The task this afternoon – to fix a wiring problem with our International 444 tractor – went smoothly. I had her repaired with time left over, so I did what any good farm boy would do – I foraged for snacks as I went to seek the next task. No, I didn’t raid Josh’s garden. I started with some wild cherries. A cherry tree blew over last week, and it was loaded with ripe cherries. Mind you, we are talking about a black cherry tree. These cherries are small, about the size of a modest pea. The pit is almost as large, so its hard to fill up on them. They are tasty and just a bit tart. It always gives me pleasure to eat a handful.
Walking down the lane, I was still enjoying the taste of black cherries when I caught a wonderful aroma. It was familiar, but I didn't immediately place it until I looked up. On my left, clusters of wonderfully ripe muscadines hung from a healthy vine, just begging me to take a taste. Of course I obliged. I hadn’t had a muscadine in quite a while, and they were every bit as good as I remembered from my childhood. Tough skins and lots of seeds, but oh! They are tasty. Of course, I had to compare them to the concord grapes we grow there, so I sampled a few of them as well. They were good too.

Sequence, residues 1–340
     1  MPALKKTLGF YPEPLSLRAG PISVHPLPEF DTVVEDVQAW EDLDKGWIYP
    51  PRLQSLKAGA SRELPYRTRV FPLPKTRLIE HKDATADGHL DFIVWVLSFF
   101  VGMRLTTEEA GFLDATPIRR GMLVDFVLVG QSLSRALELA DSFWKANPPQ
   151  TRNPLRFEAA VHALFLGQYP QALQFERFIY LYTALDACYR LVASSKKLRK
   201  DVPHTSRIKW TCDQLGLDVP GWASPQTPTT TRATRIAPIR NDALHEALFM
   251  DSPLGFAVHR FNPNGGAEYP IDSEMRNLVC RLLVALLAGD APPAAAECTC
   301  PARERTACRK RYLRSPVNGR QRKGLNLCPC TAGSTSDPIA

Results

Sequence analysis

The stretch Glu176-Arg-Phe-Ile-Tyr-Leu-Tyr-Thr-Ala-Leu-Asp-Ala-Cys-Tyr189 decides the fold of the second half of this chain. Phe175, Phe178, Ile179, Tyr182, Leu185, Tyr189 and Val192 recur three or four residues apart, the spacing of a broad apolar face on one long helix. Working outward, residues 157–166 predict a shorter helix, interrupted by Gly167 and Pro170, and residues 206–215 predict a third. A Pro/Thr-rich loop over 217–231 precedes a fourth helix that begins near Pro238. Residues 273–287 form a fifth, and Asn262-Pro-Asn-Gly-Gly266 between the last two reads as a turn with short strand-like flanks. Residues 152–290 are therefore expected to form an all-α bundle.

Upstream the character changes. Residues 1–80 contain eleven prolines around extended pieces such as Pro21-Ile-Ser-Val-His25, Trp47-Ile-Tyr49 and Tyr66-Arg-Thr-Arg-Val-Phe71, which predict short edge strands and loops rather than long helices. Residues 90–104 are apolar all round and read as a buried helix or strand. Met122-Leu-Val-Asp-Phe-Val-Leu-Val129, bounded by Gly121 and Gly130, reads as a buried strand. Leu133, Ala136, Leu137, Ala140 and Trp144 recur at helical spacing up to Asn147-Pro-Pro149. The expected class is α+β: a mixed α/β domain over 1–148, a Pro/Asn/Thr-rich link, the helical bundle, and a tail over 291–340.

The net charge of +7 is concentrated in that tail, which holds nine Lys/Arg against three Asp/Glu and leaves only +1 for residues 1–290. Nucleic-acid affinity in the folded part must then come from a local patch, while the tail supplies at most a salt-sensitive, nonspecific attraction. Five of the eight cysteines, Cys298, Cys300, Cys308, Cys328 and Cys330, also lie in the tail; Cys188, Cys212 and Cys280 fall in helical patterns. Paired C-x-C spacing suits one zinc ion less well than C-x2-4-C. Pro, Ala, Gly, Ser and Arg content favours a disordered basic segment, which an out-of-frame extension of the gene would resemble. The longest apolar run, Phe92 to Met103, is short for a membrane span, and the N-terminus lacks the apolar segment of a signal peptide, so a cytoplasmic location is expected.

And I grabbed a freshly fallen apple for good measure. Our summer apples are gone, and it is just a tad early for these fall apples. The one I ate was quite good, with a nice flavor that you won’t find in any grocery store. Give them another week or two and they will be perfect. Maybe it is the flavor of heirloom and wild plants, or maybe it is the pleasure of sampling the delightful fare as you walk down the lane. Or maybe some of both, but it just seems to me that everything tastes better on the farm.
I would be remiss if I didn’t remind you about the upcoming reenactment of the Battle of Marion. It will be at the museum on September 10-11, 2022. Come on out and watch the excitement! I understand we will have soldiers, cannon, and cavalry. It should be very interesting to see. Come join us!